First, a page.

Editorials

Editorial: Marijuana growers are wrecking California

A diver counts young salmon and steelhead in a tributary to the South Fork Eel River in Humboldt County in 2013. Some drought-stricken rivers and streams in Northern California’s coastal forests are being polluted and sucked dry by water-guzzling medical marijuana farms, wildlife officials say.
A diver counts young salmon and steelhead in a tributary to the South Fork Eel River in Humboldt County in 2013. Some drought-stricken rivers and streams in Northern California’s coastal forests are being polluted and sucked dry by water-guzzling medical marijuana farms, wildlife officials say. AP

The cost of inaction couldn’t be more clear.

Acres of ancient trees are disappearing and illegal marijuana farms are popping up in their place. Streams and rivers are being sucked dry, diverted sometimes miles away through plastic pipes into tanks. Several species of fish, along with a rare breed of wild rodent, are on the verge of extinction.

All of this is happening now, all across California, but particularly in the North Coast and in our national parks in the San Joaquin Valley. All of this environmental destruction is occurring to grow marijuana and meet consumer demand.

While there’s plenty of blame to go around for how things have turned out in the nearly 20 years since California legalized medical marijuana, much of it must land at the feet of consumers, and of lawmakers.

Apathetic consumers seem unaffected by the environmental damage that weed causes. We buy fair-trade coffee and free-range chickens. Where’s the outrage about the environmental impact of marijuana?

Through the inaction of lawmakers, pot remains unregulated and spreads like weeds. Add to this the drought and speculation that California will soon join Washington and Oregon in making pot legal for recreational use, and our state has the makings of an ecological disaster on its hands.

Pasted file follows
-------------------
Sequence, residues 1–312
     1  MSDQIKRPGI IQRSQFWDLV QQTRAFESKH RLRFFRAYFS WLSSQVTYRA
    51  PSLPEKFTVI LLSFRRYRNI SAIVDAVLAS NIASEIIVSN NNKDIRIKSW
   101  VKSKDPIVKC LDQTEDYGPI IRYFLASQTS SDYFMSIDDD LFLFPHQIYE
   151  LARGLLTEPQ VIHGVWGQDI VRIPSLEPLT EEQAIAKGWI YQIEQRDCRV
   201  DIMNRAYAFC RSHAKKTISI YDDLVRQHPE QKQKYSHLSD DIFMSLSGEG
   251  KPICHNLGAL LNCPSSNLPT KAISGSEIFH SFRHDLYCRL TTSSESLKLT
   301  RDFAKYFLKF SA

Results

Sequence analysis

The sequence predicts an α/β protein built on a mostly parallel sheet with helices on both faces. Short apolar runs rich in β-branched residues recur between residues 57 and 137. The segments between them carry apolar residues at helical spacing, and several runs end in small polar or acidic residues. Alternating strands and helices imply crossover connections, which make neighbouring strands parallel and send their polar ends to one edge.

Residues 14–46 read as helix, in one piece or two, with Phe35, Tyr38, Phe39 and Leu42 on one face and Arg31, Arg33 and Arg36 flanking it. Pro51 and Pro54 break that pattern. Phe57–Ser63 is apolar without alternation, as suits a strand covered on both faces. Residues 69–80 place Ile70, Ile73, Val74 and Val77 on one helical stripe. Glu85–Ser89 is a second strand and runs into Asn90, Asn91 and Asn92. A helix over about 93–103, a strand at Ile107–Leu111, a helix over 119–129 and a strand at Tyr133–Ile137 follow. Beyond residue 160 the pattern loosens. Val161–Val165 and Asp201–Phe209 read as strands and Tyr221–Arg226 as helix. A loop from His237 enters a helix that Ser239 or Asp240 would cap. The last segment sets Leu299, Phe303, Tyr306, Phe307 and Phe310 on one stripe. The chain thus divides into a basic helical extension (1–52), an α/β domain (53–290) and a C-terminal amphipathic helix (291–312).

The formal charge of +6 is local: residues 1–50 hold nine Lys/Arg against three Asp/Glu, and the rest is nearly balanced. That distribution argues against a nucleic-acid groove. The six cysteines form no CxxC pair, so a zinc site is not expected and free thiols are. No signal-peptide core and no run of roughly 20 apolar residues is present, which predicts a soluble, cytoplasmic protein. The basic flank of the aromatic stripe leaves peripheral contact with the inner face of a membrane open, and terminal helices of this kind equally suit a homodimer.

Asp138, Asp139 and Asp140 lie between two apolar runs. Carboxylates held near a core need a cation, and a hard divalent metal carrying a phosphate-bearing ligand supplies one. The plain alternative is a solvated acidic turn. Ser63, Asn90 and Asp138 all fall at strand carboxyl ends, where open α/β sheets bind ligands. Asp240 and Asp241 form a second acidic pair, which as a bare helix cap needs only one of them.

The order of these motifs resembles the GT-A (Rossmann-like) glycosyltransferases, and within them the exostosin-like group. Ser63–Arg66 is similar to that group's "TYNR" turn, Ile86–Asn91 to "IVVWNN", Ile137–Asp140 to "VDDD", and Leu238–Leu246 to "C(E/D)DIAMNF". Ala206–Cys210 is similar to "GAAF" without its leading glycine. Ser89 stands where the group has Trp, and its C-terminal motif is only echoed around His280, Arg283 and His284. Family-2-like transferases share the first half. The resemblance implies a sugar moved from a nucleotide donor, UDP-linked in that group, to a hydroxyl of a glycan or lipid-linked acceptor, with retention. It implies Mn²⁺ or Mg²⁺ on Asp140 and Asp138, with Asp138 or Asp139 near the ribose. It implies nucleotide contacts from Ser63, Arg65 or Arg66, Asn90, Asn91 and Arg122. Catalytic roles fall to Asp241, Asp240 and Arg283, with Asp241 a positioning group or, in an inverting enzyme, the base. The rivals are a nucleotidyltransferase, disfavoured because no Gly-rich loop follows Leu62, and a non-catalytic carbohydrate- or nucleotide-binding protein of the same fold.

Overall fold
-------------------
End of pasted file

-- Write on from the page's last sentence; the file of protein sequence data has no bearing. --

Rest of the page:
This was the sobering message that came through July 1 at a hearing of the state Senate’s Joint Committee on Fisheries and Aquaculture. Official after official testified about the negative effects that illegal pot farming has had on the environment and in unfairly exacerbating the drought.

Charlton Bonham, director of the California Department of Fish and Wildlife, talked about his “existential crisis” while watching species of salmon dwindle to dangerously low numbers.

Mendocino County Sheriff Tom Allman spoke of how, at a recent bust near Island Mountain, illegal growers had depleted the mighty Eel River to the point that it was full of moss. He estimated the farmers needed about 500,000 precious gallons of water a day to support the nearly 87,000 plants they found.

Thousands of growers are doing the same despicable things to the environment all over California. These aren’t the “old hippies” who have been growing pot for years in California, but the “rich white people growers,” as Allman calls them, who are moving here in droves, hoping to claim a stake in our unregulated market before demand really ramps up for legal recreational use.

“It’s hard to ask everyone to cut their water and deal with water cuts when we’re not dealing with this,” said Resources Secretary John Laird.

The way to curb the environmental destruction is for users to consider the implications of their purchases, and to regulate the industry. Sen. Mike McGuire and Assembly Member Jim Wood, both North Coast Democrats, have bills to do that.

The cost of inaction is too high.

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